From a Licensing PLC point of view it would be good to see Apples to Pears make a success of this range and become a firm convert to licensing. I also thought West 11 Group’s range of vintage and retro board games was noteworthy. Their range includes Thunderbirds and The Magic Roundabout board games based on original formats. I think there is real merit to dipping into the nostalgia market in this way and it gives brands a second market to engage with.


As mentioned before, I think it is vital that companies commit to progressive NPD and adding value when using licences. It is easy to take the low cost route and produce a basic product.

Puzzle company Kidicraft have a great range of National Geographic jigsaw puzzles including lenticular ones. This style of puzzle really suited the licence and make great use of the photographic archive that comes with it. Kidicraft have created a stand out range that was clearly attracting retail interest. Likewise Fizz Creations’ range of Volkswagen gifts including toasters are great examples of licensed products that have been designed in a bespoke way with real attention to detail and an emphasis on design excellence.


I also thought that PMS/Gosh’s range of Crufts pet toys was a clever way of using an iconic brand. The Crufts name brings credibility and recognition. It is a heritage brand, but also a brand that has ‘annual’ exposure allowing retailers to plan ahead and leverage the licence. Rather like the bedding, I hope my product photo doesn’t hinder sales.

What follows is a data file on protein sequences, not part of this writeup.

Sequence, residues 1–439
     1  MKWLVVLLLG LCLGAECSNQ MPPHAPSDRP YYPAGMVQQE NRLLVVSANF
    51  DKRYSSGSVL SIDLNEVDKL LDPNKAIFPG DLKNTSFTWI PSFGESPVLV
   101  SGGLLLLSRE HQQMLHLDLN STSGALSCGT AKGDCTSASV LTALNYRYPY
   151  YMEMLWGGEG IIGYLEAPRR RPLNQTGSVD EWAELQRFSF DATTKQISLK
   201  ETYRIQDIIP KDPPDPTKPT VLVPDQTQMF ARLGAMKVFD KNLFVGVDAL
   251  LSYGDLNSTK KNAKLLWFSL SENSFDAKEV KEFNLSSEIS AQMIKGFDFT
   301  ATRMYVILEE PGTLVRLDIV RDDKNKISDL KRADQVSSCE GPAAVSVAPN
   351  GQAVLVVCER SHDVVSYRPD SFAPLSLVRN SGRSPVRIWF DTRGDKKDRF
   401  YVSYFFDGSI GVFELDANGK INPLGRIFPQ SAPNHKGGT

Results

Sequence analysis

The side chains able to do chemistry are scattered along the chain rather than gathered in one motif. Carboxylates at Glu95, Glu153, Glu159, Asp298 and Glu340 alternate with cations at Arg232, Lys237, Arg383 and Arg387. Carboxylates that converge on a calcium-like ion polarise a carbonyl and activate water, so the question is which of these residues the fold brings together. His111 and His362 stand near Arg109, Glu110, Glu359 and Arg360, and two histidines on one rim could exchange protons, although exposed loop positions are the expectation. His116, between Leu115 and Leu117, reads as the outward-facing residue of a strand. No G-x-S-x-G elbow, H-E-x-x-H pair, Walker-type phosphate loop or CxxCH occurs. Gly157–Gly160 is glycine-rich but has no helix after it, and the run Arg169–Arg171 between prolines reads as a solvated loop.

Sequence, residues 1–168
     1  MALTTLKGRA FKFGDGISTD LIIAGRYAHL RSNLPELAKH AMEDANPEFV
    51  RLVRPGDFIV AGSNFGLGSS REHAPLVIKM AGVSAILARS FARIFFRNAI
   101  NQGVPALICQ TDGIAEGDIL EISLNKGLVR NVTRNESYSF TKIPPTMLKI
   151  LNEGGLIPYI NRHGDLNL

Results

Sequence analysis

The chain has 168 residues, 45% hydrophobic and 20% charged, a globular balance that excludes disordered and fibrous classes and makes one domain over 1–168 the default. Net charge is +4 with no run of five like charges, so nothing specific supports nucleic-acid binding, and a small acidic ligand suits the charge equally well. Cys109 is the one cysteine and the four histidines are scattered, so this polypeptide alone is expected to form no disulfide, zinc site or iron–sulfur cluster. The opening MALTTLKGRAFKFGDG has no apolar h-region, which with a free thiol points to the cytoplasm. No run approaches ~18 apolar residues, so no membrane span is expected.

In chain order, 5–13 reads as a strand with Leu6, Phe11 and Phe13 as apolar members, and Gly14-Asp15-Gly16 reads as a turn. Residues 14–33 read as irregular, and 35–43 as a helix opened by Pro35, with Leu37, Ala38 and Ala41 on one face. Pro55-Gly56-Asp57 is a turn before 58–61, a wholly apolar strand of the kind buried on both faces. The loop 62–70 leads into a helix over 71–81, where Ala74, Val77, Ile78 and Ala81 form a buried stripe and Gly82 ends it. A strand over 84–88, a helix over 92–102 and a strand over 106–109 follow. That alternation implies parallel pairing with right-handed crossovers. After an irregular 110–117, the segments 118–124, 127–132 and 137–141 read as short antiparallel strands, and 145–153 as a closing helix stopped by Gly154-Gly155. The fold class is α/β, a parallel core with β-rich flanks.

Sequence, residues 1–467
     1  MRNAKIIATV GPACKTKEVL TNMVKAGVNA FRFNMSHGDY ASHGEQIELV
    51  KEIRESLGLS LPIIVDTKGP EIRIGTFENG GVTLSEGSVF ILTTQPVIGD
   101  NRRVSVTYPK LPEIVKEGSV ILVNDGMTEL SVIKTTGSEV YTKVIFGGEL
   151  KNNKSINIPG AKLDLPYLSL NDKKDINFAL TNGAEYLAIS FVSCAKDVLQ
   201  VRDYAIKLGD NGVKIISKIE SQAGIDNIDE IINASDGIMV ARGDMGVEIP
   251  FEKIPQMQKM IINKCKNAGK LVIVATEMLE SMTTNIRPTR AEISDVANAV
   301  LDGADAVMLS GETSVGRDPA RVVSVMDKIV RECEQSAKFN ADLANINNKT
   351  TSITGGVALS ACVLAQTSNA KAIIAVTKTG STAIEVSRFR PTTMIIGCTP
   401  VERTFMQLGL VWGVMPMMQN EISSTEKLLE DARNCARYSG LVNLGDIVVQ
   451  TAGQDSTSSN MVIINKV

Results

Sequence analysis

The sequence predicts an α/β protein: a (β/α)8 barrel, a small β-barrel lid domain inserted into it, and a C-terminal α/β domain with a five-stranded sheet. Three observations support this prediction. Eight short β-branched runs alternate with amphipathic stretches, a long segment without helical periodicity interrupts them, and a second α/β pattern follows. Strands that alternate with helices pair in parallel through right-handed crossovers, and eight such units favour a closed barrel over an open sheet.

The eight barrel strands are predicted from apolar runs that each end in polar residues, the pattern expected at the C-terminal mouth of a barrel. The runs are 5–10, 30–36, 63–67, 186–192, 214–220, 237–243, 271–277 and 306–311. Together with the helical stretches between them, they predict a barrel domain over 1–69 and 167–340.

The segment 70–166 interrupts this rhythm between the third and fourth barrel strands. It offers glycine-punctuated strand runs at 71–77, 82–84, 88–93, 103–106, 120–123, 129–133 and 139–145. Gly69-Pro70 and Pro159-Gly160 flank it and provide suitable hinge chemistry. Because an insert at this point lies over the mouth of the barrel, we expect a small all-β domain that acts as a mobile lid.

The other plus point of a licence like this is that it ranges well and is a good range from a display point of view. You can imagine pet stores, garden centres and independents making this work visually at retail.


It was also interesting to see ranges from the likes of Imperial War Museum at the show. Lagoon Games have a new range of IWM products including a Poster Paper Planes kit. It was a good reminder that licensing opportunities can come from a diverse mix of sources and that we might expect to see more activity from sectors such as heritage.

Another sector that seems to be growing as a source of licences is publishing. It has always been a fertile ground, but there seems to be more campaigns based on successful book series now. One standout example was Vintage Ladybird which had a good presence at the show. I was also pleased to see Paul Lamond’s Jacqueline Wilson range of puzzles and games. This rise in use of publishing properties is partly explained by the changing face of book selling – books are sold in more diverse retailers now while traditional booksellers are diversifying their product mix. This has meant publishing brands have more potential at retail.

Finally, I would like to wish good luck to all those nominated for awards next week at the Licensing Awards. It looks set to be another fun night.

Ian Downes runs Start Licensing, an independent brand licensing agency. His Twitter handle is @startlicensing – he would welcome your suggestions for what to look out for.